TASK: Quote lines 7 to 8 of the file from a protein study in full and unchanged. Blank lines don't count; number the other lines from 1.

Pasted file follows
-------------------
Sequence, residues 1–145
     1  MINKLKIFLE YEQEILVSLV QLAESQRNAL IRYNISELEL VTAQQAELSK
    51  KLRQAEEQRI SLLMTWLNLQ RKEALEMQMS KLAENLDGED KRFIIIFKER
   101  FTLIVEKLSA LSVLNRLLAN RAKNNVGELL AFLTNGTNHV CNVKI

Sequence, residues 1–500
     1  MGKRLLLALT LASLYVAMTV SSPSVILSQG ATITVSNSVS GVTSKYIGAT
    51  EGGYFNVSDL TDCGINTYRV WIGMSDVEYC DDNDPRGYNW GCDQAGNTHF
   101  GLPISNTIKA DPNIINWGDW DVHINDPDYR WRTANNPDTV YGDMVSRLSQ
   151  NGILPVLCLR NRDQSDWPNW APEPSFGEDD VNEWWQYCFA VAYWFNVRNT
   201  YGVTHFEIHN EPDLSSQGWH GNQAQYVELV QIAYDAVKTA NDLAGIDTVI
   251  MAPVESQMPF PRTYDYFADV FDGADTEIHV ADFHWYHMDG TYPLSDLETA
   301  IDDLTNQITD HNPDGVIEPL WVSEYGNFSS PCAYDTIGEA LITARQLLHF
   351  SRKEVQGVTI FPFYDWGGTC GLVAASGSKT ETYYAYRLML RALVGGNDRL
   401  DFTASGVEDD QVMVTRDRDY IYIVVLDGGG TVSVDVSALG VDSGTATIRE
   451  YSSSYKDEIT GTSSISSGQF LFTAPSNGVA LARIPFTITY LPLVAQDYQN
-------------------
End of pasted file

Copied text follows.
    51  EGGYFNVSDL TDCGINTYRV WIGMSDVEYC DDNDPRGYNW GCDQAGNTHF
   101  GLPISNTIKA DPNIINWGDW DVHINDPDYR WRTANNPDTV YGDMVSRLSQ